In a comment on the post below, I referred to “Cp” as the chemical symbol of the element #112.  It was by reading reports like this one and this one that I got this idea.   It turns out that the symbol is actually “Cn.”  By way of correction, here’s a YouTube from “The Periodic Table of Videos” about the name “Copernicium.”  

And their earlier post about the element and its name:

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  1. cymast

     /  December 11, 2009

    Funny how we unknowingly focused on the element with the controversy.

    “Hassium. I know nothing about Hassium. Should we make something up?” Funny!

    Love the hair!

  2. cymast

     /  December 11, 2009

    So that’s where your shirt went!

  3. acilius

     /  December 11, 2009

    I still have the one that looks like that. The one I had previously I don’t think you would have seen. I had it in college. I wore it when I went mountain climbing, and by the end of that trip it not only bore the symbols of all the elements then known to science, but samples of most of them. By the time I got it clean, it was in tatters.

  4. acilius

     /  December 11, 2009

    The Periodic Table of Videos is great. The Professor is funny even when he does know things, which is virtually all the time.

  5. cymast

     /  December 11, 2009

    Turns out there’s a lot of detailed stuff available on the synthetic element Hassium (element 108, a transition metal). So far, 100 Hassium atoms have been synthesized. They have a half-life of ~10 seconds. Hassium was historically known as “Eka-osmium,” being that it was placed under Osium (element 76, a transition metal) on the periodic table. In the early 20th century, the name “Eka-osmium” referred to Plutonium (element 94, an actinoid). An actinoid (or actinide) includes the elements starting with Actinium and ending with Lawrencium.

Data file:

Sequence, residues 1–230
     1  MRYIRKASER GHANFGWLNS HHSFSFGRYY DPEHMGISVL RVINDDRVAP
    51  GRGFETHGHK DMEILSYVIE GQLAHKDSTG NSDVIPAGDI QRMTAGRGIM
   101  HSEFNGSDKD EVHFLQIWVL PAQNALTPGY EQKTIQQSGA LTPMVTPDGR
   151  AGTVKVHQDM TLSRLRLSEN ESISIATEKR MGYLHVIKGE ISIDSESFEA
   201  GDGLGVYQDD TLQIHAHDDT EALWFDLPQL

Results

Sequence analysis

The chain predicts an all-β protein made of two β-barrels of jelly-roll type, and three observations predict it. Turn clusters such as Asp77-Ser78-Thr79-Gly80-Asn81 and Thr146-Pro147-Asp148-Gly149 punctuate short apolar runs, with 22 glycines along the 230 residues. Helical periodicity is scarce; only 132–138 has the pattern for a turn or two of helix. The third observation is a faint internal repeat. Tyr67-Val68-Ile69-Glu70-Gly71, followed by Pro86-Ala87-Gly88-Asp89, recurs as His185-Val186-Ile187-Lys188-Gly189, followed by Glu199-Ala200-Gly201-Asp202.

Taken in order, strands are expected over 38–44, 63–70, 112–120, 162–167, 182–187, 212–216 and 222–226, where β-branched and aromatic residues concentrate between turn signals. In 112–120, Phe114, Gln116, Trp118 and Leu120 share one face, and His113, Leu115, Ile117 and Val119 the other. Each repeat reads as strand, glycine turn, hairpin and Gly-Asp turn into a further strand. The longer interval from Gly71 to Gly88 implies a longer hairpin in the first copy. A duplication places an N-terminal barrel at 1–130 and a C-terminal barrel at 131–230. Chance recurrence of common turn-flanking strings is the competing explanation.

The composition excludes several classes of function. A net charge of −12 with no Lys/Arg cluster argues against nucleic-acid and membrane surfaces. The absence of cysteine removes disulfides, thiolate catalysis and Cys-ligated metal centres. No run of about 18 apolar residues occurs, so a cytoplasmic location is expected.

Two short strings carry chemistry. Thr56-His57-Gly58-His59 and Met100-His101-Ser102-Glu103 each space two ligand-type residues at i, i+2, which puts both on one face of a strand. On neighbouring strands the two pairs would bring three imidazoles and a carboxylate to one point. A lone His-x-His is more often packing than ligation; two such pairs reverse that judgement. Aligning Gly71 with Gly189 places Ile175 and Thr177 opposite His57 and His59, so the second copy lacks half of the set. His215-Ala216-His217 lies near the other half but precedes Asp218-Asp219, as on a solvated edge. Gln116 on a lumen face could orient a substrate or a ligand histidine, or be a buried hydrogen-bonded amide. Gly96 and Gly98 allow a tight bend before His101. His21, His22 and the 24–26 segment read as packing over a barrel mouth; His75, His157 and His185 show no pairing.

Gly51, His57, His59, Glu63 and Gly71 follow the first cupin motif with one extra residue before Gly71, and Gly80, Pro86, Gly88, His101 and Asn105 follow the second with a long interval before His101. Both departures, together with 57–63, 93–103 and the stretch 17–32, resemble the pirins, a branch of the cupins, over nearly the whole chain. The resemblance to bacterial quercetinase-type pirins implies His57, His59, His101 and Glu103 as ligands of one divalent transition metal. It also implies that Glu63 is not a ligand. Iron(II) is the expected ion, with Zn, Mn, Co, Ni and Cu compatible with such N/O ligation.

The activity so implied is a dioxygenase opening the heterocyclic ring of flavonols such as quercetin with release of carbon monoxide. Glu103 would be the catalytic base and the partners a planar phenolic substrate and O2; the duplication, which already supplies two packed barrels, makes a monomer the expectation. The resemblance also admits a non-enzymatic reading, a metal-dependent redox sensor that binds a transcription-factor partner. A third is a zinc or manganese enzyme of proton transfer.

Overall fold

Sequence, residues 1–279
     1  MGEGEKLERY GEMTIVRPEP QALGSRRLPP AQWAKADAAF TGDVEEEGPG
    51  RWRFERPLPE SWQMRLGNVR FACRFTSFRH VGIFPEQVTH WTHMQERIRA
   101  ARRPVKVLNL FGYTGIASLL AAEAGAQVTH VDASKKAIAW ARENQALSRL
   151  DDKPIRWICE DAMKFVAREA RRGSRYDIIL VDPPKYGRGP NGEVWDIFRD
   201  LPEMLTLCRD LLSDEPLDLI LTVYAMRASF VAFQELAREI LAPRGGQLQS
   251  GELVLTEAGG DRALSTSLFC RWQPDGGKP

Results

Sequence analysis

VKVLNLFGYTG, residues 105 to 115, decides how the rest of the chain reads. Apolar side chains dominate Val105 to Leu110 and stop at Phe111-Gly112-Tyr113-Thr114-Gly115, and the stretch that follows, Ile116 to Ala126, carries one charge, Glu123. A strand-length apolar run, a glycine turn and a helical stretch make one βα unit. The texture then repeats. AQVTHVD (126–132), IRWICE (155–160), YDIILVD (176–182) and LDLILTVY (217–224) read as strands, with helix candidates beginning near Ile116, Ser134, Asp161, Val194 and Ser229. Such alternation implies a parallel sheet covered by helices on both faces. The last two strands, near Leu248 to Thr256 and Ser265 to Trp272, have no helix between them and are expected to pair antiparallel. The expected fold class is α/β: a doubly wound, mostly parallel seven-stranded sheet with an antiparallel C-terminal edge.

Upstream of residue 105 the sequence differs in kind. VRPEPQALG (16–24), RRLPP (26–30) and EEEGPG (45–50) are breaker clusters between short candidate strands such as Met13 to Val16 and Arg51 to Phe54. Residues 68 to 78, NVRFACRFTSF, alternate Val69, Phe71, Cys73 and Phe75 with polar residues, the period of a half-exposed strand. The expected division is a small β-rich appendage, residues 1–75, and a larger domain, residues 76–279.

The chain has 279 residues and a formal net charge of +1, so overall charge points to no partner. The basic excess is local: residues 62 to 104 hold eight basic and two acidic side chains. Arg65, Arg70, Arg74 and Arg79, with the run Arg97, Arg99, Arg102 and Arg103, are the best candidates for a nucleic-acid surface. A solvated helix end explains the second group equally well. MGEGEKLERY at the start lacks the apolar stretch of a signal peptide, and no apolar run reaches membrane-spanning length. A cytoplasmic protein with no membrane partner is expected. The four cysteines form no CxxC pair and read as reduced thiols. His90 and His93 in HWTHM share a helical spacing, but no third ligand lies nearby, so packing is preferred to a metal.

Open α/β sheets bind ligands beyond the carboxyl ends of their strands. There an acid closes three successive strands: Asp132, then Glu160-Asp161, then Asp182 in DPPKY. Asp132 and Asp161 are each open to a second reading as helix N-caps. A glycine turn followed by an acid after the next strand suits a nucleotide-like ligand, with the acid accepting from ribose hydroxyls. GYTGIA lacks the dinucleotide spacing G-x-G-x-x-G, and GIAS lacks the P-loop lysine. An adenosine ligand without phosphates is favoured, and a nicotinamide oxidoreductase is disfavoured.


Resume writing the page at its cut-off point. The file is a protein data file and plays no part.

6. acilius

     /  December 11, 2009

    Gee, ~10 seconds- that sounds like a really long lifespan for a synthetic element. I’m surprised he didn’t have that tidbit on the tip of his tongue as soon as the topic came up.

  7. cymast

     /  December 11, 2009

    Yeah, that sounded long to me too. But if “s” stands for “seconds,” (and I think it does because I looked up the abbreviation on a scientific abbreviations chart) then wiki says “~10 seconds.”

    Maybe our scientist was baffled by and skeptical of Hassium’s half-life length and so decided to skip the dubious element altogether.

  8. cymast

     /  December 11, 2009

    Clarification: A specific isotope of Hassium has a half-life of ~10 seconds.

    Another specific isotope of Hasssium has a half-life of ~16.5 minutes.

    The plot lengthens!

  9. acilius

     /  December 12, 2009

    Sixteen and a half minutes, wow. That sounds like the “island of stability” that they keep speculating about when they make new superheavy elements.

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